Heating and cooling adjustments on a forced air furnace - Winter and Summer Settings
Warm air rises; cooler air sinks. Keep this principle in mind, and you’ll realize why opening the correct air returns in winter and summer will provide better air distribution-which, in turn, allows more even temperatures in your home.
When you use a forced air furnace for summer cooling, you should open the high returns. This allows the furnace to take warmer air from the top of the room back to the air conditioning cooling coil in the furnace. In the winter, open the low returns to collect cold air at the floor.
For a two-story home, you may also need to adjust the supply air for winter and summer. In the winter, warm air rises to the second floor, so less heating is required there.
In the summer, warm air still rises, and a hot attic adds even more heat, so you need greater cooling (air flow) to the second floor than to the first floor.
The best way to control air flow is to adjust the small dampers in the heating/cooling duct system in the basement at the furnace itself. Often, these dampers are found where round supply duct runs connect to the main (rectangular) ducts. Look for small (¼-inch) threaded rods and wing nuts. You can adjust the damper by turning the screwdriver slot on the small rod. When the slot is parallel (going the same way) to the duct, the damper is fully open. You don’t need to adjust the wing nut, which simply locks the rod into place.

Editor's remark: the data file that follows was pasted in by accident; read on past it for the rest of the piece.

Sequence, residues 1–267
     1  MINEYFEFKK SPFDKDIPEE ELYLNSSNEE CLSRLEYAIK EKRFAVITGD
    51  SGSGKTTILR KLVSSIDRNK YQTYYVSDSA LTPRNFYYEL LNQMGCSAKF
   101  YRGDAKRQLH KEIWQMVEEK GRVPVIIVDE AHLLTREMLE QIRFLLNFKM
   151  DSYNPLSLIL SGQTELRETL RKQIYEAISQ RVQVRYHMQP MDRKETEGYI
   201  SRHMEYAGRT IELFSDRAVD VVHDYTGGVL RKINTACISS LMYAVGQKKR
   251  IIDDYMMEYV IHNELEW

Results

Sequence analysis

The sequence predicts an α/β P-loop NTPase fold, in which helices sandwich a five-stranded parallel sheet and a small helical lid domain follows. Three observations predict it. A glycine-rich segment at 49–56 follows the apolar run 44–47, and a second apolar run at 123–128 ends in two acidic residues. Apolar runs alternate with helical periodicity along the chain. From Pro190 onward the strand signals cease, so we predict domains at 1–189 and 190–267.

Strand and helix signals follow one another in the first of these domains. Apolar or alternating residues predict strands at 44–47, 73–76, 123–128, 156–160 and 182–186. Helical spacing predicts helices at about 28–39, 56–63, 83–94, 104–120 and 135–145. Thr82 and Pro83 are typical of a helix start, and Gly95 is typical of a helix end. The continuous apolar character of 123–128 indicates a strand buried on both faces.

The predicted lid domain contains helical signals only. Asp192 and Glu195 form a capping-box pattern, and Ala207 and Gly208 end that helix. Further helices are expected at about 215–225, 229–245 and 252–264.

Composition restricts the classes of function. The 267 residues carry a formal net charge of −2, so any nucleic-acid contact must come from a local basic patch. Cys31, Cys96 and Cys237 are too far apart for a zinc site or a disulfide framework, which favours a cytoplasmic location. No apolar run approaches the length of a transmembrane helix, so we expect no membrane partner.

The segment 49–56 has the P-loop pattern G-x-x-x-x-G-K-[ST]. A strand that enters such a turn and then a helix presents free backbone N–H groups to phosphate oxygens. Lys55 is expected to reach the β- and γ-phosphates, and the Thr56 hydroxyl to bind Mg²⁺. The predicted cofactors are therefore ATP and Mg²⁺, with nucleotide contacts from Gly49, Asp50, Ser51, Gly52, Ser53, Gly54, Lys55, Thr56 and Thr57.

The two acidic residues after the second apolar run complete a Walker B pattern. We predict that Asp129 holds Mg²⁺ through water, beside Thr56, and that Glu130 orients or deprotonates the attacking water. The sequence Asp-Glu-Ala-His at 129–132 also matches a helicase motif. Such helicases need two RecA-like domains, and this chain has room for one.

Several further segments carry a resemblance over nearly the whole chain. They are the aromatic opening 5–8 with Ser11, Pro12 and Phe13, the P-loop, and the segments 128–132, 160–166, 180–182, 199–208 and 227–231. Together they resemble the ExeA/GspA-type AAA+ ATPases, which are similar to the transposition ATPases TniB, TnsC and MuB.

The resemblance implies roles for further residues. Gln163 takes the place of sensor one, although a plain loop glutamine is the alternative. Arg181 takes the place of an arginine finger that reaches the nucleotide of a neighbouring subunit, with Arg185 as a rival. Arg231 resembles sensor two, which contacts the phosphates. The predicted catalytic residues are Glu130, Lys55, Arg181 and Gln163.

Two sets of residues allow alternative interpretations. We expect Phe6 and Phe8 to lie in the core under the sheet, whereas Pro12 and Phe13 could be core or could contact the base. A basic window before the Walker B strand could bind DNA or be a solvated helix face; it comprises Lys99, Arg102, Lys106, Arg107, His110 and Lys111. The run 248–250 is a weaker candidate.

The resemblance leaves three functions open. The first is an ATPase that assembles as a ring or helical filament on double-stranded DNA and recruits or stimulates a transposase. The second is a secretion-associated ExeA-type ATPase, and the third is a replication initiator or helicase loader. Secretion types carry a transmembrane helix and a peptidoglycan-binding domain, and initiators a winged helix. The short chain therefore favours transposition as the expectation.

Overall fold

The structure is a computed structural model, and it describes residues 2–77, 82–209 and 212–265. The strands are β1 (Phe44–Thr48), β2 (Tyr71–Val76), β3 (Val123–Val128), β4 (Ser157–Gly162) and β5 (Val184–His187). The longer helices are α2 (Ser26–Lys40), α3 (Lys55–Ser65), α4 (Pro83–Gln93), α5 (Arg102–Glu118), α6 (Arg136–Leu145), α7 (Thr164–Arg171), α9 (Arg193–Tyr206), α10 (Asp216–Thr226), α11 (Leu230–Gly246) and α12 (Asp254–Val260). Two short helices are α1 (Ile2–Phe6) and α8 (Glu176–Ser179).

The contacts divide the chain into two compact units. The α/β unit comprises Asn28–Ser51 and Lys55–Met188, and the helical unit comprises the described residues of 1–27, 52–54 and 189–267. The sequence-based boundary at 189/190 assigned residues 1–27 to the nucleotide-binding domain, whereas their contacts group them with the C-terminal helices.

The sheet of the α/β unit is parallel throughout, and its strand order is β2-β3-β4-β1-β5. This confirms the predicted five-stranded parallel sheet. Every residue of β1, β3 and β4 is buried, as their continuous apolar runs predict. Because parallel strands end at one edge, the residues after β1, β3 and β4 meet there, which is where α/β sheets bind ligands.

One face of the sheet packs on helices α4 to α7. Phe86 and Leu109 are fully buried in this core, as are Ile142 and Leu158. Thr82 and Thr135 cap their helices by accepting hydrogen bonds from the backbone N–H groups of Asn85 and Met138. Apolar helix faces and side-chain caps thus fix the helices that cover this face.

Heating ducts vary. Some systems have levers indicating the direction of the damper. Some rectangular ducts have dampers and levers.
To adjust air flow for summer cooling, start by fully opening all second floor dampers. Next, partially close dampers to first floor rooms that are getting lots of cold air. You will find that closing the damper to 50% or turning the shaft to 45 degrees will only partially slow the air flow. Often, even if you fully close the damper, there will still be air flow because the dampers fit very loosely in the ducts.
Closing first floor dampers will direct air to the second floor. Mark your damper settings for summer and winter once you have found the correct balance.
Remember to clean the furnace filter, too, because a plugged filter can also restrict air flow.
Older homes were not built for cooling - the supply and return ducts to the second floor may not be adequate so adjustments may not solve the problem. A quick fix may be to run the fan furnace continuously.
I just moved into a new home recently and I had a 'mini melt down' on the 2nd floor. It was just too hot all the time! Went on the internet to find these settings which used to be marked right on my old furnace! Guess what - no marks, no nothing on the new furnace, so my guess work began. It actually took me quite a bit of work and research to find these directions so hope you can make use of them in your home.
Happy heating AND cooling!